No Chance of Oxygen Crisis: Health Minister

As Bangladesh grapples with the second wave of coronavirus infections with hospitals overstretched, one major concern that has arisen is the availability of medical-grade oxygen for critical Covid-19 patients.

Amid the growing worries over a steady supply of the lifesaving element, Health Minister Zahid Maleque has assured the people of the country that there will not be any shortage of oxygen unless the situation worsens dramatically.

His clarification came at a time when India, struggling with an acute oxygen crisis, stopped its export to Bangladesh.

"We don’t import oxygen from India all year long. We needed to import oxygen from India during a huge upsurge in Covid cases. But if the situation remains stable, there’ll be no shortage of oxygen in the country," he told UNB.

Maleque said Bangladesh is not that much dependent on liquid oxygen. ''In fact, we rely more on gas oxygen. So, even if we face a shortage of liquid oxygen, it won't be a big deal," he added.

Medical grade oxygen is needed for treating critical Covid-19 patients who develop hypoxemia – the shortage of oxygen in the blood – which is one of the main causes of death.

The minister said the demand for medical-grade oxygen is currently around 100-150 tonnes.

The government produces 250 tonnes of gaseous and 150-200 tonnes of liquid oxygen every day. The private sector also produces around 40-50 tonnes of oxygen a day. "So, unless there's any dramatic upsurge in Covid-19 cases which forces the demand to double overnight, we’ll be fine," he assured.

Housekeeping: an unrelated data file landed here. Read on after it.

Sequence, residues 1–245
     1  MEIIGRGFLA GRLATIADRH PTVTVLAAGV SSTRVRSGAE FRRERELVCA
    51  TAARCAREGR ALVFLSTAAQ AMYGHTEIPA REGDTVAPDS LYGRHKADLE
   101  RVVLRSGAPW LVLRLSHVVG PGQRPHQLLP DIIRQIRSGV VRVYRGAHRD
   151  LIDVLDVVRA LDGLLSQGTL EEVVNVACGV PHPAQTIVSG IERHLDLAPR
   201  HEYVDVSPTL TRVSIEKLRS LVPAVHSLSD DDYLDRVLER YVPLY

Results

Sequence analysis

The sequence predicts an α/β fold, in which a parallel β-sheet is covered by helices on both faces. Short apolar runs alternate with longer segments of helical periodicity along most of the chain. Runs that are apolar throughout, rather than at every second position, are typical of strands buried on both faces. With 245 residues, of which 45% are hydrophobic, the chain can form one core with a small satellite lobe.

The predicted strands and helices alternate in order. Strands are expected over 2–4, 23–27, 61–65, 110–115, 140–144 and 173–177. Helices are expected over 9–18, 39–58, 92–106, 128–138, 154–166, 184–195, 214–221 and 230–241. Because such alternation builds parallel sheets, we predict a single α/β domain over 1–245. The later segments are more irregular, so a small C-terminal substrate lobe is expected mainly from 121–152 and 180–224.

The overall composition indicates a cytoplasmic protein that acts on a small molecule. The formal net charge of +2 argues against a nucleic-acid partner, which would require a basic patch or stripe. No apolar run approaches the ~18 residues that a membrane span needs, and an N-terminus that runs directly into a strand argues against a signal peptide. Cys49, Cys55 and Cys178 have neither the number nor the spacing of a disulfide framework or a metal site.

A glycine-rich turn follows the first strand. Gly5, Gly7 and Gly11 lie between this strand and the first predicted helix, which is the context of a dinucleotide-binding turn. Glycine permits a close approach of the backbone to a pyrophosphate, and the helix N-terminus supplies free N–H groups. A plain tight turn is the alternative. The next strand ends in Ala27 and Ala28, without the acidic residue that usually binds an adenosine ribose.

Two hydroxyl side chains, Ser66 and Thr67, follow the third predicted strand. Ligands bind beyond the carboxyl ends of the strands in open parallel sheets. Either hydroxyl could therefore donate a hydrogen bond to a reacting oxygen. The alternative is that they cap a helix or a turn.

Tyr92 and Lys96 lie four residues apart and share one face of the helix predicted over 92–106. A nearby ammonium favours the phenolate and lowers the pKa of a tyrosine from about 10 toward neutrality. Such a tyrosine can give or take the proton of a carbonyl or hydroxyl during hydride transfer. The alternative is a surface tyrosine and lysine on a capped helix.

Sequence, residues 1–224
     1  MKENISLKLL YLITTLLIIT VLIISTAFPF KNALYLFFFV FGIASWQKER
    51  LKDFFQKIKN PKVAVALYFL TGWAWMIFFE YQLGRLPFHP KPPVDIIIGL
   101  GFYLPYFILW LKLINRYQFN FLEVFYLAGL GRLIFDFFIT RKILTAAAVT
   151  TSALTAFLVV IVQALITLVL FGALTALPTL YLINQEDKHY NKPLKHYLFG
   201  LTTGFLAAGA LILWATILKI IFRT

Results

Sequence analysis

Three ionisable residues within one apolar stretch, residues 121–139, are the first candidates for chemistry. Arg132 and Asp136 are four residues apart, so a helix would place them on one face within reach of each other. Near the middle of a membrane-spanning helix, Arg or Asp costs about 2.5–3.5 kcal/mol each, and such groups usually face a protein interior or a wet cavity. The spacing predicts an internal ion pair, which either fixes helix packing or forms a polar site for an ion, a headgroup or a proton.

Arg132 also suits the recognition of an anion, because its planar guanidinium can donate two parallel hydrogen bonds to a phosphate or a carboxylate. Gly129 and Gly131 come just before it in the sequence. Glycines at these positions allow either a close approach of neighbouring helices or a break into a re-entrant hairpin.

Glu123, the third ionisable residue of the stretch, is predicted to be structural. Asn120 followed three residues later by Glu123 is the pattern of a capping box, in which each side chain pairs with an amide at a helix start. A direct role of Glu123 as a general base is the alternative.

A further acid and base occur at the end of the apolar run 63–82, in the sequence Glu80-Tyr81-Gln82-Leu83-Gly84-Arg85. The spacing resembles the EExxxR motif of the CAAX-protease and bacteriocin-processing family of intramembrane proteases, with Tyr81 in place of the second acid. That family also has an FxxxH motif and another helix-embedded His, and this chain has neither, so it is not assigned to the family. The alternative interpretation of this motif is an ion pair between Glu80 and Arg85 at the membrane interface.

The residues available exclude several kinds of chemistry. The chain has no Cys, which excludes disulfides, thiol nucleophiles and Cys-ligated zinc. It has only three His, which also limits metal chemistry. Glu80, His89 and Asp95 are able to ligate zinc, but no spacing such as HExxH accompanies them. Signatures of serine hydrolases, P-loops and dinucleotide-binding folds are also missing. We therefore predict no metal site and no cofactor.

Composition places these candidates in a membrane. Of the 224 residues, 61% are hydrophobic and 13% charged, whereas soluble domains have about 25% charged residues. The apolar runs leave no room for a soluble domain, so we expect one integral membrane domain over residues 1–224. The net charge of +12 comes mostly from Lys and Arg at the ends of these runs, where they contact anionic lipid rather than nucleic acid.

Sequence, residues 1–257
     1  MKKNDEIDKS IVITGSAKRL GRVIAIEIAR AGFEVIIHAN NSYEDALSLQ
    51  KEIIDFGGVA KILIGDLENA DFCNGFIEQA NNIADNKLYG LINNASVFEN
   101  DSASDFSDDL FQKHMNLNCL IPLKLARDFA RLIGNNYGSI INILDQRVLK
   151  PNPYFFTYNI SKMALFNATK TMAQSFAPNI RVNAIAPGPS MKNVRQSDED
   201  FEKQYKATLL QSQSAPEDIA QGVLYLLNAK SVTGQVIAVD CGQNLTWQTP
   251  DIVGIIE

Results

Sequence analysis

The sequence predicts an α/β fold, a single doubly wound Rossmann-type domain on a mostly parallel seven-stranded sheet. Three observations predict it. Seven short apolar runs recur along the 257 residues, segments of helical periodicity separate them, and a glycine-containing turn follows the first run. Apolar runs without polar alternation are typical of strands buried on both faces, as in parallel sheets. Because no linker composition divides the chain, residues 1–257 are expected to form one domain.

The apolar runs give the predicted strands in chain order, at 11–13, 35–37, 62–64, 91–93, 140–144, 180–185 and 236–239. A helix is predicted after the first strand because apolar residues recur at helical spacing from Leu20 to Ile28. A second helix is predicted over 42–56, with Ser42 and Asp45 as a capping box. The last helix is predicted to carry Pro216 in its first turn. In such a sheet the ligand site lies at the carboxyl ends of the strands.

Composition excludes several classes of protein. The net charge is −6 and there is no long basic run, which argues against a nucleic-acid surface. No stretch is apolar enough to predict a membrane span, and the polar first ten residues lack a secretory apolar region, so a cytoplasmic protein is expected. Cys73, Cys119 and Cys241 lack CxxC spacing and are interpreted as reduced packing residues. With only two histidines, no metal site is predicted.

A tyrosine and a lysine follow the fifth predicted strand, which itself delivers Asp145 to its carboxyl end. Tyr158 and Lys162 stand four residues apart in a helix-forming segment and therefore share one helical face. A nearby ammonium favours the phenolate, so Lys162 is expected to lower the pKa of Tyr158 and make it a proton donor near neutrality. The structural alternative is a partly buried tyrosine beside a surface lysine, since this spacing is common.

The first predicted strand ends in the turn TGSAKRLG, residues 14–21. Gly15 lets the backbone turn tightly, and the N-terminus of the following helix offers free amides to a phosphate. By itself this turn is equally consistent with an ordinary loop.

He said the government has asked hospitals to increase the use of gaseous oxygen in order to avoid misuse of liquid oxygen. 

Minister Maleque said the health authorities are in constant touch with industries so that liquid oxygen can be collected on short notice when needed.

'Minor oxygen crisis'

However, Senior Secretary Md Anisur Rahman of the Energy and Mineral Resources Division admitted that there is a minor oxygen crisis in the country following the Indian export ban.

"We've told private companies that produce liquid oxygen to supply it to the hospitals and clinics at the moment," he said.

Rahman said there is nothing to worry about as the government will deal with the situation very swiftly.

Diverting oxygen to hospitals

Chief Inspector of Explosives Department Abul Kalam Azad told UNB that they asked five oxygen-producing companies on April 23 to cut off the supply of oxygen for industrial use and direct it to hospitals.

According to the letter, hospitals and clinics are in need of rapid medical oxygen supply as the number of Covid-19 patients has recently increased.

It was sent to Linde Bangladesh, Spectra Oxygen Limited, Islam Oxygen Limited, DR Industries Limited, and M/S Bangladesh Industrial Gas Limited.

According to sources at the health ministry, the daily production capacity of Linde Bangladesh is 90 tonnes, Islam Oxygen Ltd 40 tonnes and Spectra 37 tonnes.

Saiqa Mazed, General Manager (Human Resources) of Linde Bangladesh, told UNB that they are not giving it to industries following the government’s directive. ''The whole amount now goes directly to hospitals and clinics,'' she said, hoping that if the number of Covid cases remains as it is, there won't be any shortage of medical oxygen. 

When asked about oxygen import from a source other than India, she said it would be expensive since Bangladesh can bring oxygen from the neighboring country by road.

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